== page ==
[NOTE: “The Claims Coach” welcomes a guest post by friend and CLM Advisor colleague John Conlon. John Conlon is an attorney and former insurance claims officer. He presently consults with insurers on litigation management and fee billing issues and blogs about those issues @ http://legalbillreviewerblog.com/. He can be reached at firstname.lastname@example.org or at 317-258-0671. From the time I was a child, I heard the adage, “He who fails to plan, plans to fail.” In this post, John Conlon explains why the maxim is especially true in the realm of litigation management.]
Harking back to my days as a litigation claims manager, manager of in-house staff counsel, and now consultant to insurers on litigation management issues, I probably have reviewed thousands of legal files in cases throughout the United States on a variety of issues. One thing I consistently notice in many files I reviewed is the lack of a focused litigation plan.
Collaborating on the Litigation Plan
One of the first things I note lacking in a focused litigation plan is that the adjuster is not sufficiently engaged in the planning process. This lack of engagement usually contributes to a lack of follow through on the plan. While it is okay for the defense attorney to take the lead in coming up with a proposed litigation plan, the adjuster should maintain active engagement in the planning process. Too often, I have seen “okay” or “proceed” as the only adjuster comments to an attorney’s proposed litigation plan.
I have noted that the more experienced the litigation adjuster is, the more likely it is that probative questions will be asked or meaningful comments or changes proposed to the proposed litigation plan. But, even less experienced adjusters, who have little to offer but questions, can add meaningfully to the planning process. Sometimes simply asking the attorney why certain things need to be done or why will certain things take so long to accomplish may serve to help the attorney re-think the proposed steps.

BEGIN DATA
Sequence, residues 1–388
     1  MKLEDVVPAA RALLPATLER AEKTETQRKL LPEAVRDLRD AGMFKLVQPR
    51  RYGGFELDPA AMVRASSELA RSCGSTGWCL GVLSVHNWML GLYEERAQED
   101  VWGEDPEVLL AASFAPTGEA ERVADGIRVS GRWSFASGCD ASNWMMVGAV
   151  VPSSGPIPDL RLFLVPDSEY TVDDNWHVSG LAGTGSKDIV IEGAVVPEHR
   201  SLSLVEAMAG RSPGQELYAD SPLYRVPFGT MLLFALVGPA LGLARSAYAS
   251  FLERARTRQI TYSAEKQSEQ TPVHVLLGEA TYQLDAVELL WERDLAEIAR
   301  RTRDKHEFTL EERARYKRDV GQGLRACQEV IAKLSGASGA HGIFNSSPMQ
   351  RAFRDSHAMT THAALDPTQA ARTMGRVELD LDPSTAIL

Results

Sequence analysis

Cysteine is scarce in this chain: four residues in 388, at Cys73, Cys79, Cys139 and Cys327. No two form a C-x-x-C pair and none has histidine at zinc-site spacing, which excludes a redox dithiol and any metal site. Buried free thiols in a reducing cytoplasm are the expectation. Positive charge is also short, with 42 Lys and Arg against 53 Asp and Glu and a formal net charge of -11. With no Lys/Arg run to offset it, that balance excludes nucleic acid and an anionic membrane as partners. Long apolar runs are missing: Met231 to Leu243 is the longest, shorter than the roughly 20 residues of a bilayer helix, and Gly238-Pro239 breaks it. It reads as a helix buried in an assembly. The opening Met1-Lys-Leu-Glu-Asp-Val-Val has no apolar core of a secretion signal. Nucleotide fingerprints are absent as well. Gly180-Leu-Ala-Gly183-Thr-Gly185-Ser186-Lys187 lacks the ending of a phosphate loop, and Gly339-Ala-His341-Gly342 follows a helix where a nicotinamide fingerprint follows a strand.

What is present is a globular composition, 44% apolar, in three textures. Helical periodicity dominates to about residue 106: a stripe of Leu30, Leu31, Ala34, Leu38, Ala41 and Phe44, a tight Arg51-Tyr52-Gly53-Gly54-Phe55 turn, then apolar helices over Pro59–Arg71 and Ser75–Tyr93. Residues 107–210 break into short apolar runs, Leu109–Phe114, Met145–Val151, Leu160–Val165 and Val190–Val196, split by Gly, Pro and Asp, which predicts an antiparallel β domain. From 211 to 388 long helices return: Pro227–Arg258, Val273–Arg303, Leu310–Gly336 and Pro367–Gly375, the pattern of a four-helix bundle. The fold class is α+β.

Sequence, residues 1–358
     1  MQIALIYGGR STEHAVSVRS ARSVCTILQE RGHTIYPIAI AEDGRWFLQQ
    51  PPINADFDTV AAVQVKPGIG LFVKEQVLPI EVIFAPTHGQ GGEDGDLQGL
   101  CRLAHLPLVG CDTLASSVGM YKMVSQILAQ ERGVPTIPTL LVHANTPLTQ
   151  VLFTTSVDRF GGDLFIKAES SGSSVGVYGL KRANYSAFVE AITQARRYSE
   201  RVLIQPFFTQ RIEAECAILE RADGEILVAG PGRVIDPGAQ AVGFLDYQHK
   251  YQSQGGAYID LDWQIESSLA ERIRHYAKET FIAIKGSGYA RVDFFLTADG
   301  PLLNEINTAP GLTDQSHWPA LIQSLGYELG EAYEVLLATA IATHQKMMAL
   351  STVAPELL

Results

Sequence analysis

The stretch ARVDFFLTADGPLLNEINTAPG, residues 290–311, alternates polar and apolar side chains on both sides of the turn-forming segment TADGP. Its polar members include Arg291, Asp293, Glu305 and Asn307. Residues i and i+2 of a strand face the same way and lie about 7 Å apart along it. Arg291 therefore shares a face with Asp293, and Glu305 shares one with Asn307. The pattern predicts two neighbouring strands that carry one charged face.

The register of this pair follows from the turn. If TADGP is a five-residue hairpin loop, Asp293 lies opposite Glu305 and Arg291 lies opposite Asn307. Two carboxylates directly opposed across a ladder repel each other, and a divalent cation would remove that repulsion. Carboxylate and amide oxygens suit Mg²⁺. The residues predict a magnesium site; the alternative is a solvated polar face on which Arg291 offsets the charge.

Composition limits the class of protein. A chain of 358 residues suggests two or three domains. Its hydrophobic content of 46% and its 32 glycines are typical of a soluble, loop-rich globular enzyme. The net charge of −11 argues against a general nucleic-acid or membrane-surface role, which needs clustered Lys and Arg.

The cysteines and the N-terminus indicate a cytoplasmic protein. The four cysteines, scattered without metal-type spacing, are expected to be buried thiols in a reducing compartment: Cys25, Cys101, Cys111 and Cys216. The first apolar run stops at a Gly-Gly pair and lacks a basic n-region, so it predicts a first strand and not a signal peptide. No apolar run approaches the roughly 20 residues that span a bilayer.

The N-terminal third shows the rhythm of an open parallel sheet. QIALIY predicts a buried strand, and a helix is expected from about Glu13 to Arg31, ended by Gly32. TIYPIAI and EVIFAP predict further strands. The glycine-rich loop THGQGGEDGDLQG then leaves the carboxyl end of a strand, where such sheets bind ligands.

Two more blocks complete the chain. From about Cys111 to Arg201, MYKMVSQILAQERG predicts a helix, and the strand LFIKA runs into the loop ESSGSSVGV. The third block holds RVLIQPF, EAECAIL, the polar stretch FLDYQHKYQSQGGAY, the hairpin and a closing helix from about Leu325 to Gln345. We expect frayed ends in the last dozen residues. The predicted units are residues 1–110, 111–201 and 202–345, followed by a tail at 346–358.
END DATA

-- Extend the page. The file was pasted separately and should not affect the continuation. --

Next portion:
Changing the Litigation Plan
A focused litigation plan must always be viewed as a living document that will need to be updated as circumstances warrant. As developments do occur in a case, they must be viewed strategically through the prism of the litigation plan. How does a particular new development affect the litigation plan from a strategic standpoint? Do major revisions in the litigation plan need to be made? If no changes need to be made in the plan, do the target dates need to be revised?
If a development is not of strategic importance, why waste time (and the company’s money) on changing the plan or reacting to it in some way? Remember it is not always necessary that the defense attorney research every issue the plaintiff attorney raises or vigorously oppose every motion filed.
It is possible to achieve a good result on a litigated file in an efficient and cost effective manner without a focused litigation plan just as it is possible to walk outside and find a $10 bill on the sidewalk. However, the chances of either happening – at least on a consistent basis – are rare.
Achieving a good result in a litigated file can only be accomplished on a consistent basis through developing a focused litigation plan and careful follow through, monitoring, and where necessary, revision of that plan.